Education Amid COVID-19 Crisis: Why Govt Needs To Regulate Functioning Of Private Schools?
The economic impact of COVID-19 is likely to be felt over the next few years, particularly in terms of job cuts and a reduction in income across the board. This increases the urgency to regulate private schools so that they become institutions of learning rather than centres of exploitation.
India is going through its worst economic crisis in a century. Over 12 crore Indians have lost their jobs. According to a survey, nearly 84% of households have suffered a loss in monthly income.
For a family with a single earning member, the average expenditure on private schooling (for two children), constitutes 20% of household income (NSSO 2014). At a time when parents are reeling from salary cuts or job loss, the pressure to pay hiked school fees has made things worse.
Parents Exploited By Private Schools During COVID-19 Crisis
To offer relief to parents, notifications regarding private school fee payments have been issued by 13 states which include Andhra Pradesh, Assam, Chhattisgarh, Haryana, Karnataka, Maharashtra, Mizoram, Punjab, Rajasthan, Tamil Nadu, Telangana, Uttar Pradesh and Uttarakhand.
Some of the key features of these guidelines include:
- Private schools are allowed to collect only tuition fees.
- No hike in fees allowed.
- No advance fees to be collected.
In addition, the National Commission for Protection of Child Rights (NCPCR) has also issued a notification (F. No. NCPCR/2020-21/SF/EDU) advising states to devise solutions such that the best interests of the child are met and to ensure that no child is harassed by the school for non-payment of fees.
Despite these notifications, reports have emerged of private schools across India hiking their fees for the next academic year. There are also stories of schools barring students from attending online classes due to non-payment of fees.
In Haryana, there are reports of schools cutting students' names off the rolls for not paying fees. In Hyderabad, schools have not just increased school fees but have levied a penalty of INR 100 per day on non-payment. Even with schools closed and notifications restricting the collection of any additional fees, beyond tuition fees, reports have emerged of parents being asked to pay up to INR 10,000 for quarterly bus charges alone.
Failure Of Regulation
In a survey of over 38,000 parents, 83% said that state governments had failed to regulate fees of private schools.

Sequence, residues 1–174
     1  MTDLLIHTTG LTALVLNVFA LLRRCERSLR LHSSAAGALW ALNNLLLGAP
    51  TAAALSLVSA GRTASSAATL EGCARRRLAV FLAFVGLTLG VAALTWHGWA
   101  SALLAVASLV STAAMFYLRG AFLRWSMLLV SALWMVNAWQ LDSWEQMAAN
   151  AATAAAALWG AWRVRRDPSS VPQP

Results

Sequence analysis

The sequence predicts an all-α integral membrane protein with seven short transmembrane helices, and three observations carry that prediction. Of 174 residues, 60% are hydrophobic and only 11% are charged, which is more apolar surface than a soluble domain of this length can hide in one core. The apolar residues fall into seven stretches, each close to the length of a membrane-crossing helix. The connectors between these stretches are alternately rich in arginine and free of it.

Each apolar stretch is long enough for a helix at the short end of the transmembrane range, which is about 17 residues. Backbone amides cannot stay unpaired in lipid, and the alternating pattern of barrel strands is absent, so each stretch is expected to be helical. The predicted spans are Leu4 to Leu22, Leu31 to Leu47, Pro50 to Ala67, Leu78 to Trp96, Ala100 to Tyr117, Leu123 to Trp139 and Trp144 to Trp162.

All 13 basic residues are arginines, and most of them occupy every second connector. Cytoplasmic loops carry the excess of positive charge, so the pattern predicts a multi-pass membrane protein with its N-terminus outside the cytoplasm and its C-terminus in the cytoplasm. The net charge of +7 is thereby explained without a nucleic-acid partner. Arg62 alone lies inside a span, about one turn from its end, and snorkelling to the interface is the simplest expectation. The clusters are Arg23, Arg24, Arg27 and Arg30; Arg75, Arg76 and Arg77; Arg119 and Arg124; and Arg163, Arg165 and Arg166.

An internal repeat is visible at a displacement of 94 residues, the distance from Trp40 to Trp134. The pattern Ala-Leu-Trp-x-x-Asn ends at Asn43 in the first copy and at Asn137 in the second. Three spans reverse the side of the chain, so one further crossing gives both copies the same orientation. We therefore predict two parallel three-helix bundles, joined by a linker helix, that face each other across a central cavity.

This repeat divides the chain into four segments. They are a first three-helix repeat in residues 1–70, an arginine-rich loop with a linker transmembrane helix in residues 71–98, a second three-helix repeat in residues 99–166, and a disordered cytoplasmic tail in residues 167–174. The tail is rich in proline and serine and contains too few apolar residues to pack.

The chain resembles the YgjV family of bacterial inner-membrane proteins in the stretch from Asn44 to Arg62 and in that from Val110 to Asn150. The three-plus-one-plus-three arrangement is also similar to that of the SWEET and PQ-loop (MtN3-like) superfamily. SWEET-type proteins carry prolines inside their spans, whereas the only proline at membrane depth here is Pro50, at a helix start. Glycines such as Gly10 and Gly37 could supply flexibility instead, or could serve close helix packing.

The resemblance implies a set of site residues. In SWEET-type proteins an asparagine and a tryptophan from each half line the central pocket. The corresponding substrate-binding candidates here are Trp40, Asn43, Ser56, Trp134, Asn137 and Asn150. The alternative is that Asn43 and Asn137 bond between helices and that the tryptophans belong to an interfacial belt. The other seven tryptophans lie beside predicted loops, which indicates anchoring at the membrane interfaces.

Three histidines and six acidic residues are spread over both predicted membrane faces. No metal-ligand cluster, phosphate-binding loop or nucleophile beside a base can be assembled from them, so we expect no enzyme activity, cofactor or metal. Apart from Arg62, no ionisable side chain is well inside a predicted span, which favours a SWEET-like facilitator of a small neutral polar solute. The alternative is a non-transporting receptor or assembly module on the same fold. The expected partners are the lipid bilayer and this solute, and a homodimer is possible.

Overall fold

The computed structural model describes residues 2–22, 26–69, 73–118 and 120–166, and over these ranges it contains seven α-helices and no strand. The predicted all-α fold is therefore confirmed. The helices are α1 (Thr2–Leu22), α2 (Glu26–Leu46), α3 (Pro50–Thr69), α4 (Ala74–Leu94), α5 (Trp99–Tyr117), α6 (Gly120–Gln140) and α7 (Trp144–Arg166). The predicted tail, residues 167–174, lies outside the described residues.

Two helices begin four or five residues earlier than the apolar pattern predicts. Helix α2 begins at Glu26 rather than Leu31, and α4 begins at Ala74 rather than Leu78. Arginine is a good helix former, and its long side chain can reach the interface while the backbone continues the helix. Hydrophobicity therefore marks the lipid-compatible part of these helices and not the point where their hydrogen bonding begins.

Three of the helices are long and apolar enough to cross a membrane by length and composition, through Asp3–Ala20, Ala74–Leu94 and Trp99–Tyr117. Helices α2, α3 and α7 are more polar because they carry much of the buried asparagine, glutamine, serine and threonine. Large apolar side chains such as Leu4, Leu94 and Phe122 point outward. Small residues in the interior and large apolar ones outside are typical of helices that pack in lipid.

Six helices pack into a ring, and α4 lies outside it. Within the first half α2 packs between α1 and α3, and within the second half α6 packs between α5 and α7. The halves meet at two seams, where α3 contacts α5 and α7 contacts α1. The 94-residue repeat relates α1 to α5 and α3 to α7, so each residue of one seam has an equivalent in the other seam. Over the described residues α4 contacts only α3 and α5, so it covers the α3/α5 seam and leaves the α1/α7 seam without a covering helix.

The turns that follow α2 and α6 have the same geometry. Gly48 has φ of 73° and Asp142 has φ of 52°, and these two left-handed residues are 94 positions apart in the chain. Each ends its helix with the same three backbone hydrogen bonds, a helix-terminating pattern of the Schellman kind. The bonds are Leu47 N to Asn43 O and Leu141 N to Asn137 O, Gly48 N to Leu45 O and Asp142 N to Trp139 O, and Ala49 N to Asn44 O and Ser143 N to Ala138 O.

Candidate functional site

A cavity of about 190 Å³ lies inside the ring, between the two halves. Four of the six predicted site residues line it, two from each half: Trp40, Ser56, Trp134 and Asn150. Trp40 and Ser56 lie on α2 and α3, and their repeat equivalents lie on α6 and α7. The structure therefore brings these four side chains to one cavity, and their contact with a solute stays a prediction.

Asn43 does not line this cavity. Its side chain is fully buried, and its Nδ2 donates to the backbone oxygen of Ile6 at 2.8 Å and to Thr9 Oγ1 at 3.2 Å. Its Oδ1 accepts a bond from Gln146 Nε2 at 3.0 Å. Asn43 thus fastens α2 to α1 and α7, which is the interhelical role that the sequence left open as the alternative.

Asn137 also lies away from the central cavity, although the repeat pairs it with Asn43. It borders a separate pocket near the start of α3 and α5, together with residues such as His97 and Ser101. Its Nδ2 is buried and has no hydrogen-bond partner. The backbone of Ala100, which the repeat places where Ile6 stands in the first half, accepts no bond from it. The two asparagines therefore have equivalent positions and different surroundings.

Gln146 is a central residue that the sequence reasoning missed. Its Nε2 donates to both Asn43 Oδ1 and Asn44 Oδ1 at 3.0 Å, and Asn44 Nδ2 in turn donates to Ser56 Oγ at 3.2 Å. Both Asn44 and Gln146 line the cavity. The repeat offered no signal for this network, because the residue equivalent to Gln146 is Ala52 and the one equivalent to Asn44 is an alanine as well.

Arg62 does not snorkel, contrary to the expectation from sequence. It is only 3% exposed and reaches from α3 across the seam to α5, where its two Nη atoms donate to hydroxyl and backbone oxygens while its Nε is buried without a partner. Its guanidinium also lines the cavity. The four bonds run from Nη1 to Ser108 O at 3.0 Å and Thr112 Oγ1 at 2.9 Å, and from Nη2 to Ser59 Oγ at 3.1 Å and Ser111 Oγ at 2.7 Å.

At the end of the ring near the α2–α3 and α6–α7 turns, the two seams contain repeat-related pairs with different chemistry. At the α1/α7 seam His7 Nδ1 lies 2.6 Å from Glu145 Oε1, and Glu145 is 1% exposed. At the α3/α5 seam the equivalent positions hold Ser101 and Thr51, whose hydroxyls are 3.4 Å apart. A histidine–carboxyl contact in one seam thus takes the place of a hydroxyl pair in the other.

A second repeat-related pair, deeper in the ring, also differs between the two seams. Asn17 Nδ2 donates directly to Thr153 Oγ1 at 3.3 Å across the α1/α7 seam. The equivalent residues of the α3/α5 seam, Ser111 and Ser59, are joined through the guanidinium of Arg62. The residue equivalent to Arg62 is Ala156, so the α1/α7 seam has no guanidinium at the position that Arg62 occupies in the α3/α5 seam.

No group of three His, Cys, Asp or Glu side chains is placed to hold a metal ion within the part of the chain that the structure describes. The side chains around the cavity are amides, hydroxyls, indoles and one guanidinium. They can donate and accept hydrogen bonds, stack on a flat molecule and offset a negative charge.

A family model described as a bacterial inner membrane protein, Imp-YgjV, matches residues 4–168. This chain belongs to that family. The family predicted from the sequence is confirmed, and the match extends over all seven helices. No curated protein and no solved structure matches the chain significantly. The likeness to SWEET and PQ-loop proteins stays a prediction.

With little support from the government in enforcing the regulation, parents have been forced to take matters into their own hands. There have been protests in Jaipur, Mumbai, Ludhiana and various other cities against fee hikes and against schools demanding advance fees.
Parents have also started an online petition to the Prime Minister, requesting for a law to regulate school fees. The petition on Change.org had over 250,000 signatures as on June 25.
However, none of this is new. Cases of arbitrary fee hikes and overcharging have been going on for a while.
Back in 2009, Delhi Abhibhavak Mahasangh and other parent groups petitioned the high court to review the issue of fee hikes by private schools. A panel formed by the High Court found that 621 schools had hiked fees unjustifiably and were ordered to pay back the fees to parents along with 9% interest. It is estimated that these private schools owed parents over INR 350 crores, in lieu of fees unduly collected.
On paper, 15 states have legislation which defines a process for regulating the fee hike. However, in only four states parents have a role to play in fee regulation.
For instance, in Maharashtra, fee hikes have to be approved by the Parent-Teacher Association. Even once approved by the PTA, if (at least) 25% of parents oppose the hike, they can approach the Fee Revision Committee. There is a need for parents to have a greater voice in fixing fees and regulating fee hikes.
However, issues with fees are just the tip of the iceberg. Private schools openly hold screening processes such as interviews and admissions, which is forbidden by the Right to Education Act.
It is also common-place for parents in private schools to be coerced into buying supplies such as textbooks and uniforms from a specified vendor despite the fact that private school regulations in multiple states make it a punishable offence.
What Can Be Done?
The first step would be better enforcement of existing regulations at the state level. This would involve putting in place effective grievance redress mechanisms to allow parents to voice their concerns and grievances with private schools.
In addition, there is a need to increase parental voice in private school decision-making.
Currently, only four states (Andhra Pradesh, Rajasthan, Sikkim and Uttar Pradesh) have regulations that make it compulsory for private schools to form Parent Teacher Associations (PTAs).
All states across India should put in place regulations to make it compulsory for all private schools to form PTAs. Care should be taken that these PTAs are representative and have a genuine voice in school decision-making, including but not restricted to decisions around fee hikes.
Lastly, there is an urgent need for the development and enforcement of a comprehensive, regulatory framework for private schools that covers all aspects of private school functioning.
The economic impact of COVID-19 is likely to be felt over the next few years, particularly in terms of job cuts and a reduction in income across the board. This increases the urgency to regulate private schools so that they become institutions of learning rather than centres of exploitation and loot.
Oxfam India is running a campaign #RightsOverProfits to put a stop to overcharging and profiteering by private schools. It is a burden on people, especially when nearly 12 crore people in India have lost their jobs to the COVID-19 pandemic.
Raise your voice for what is right. Sign in the petition here.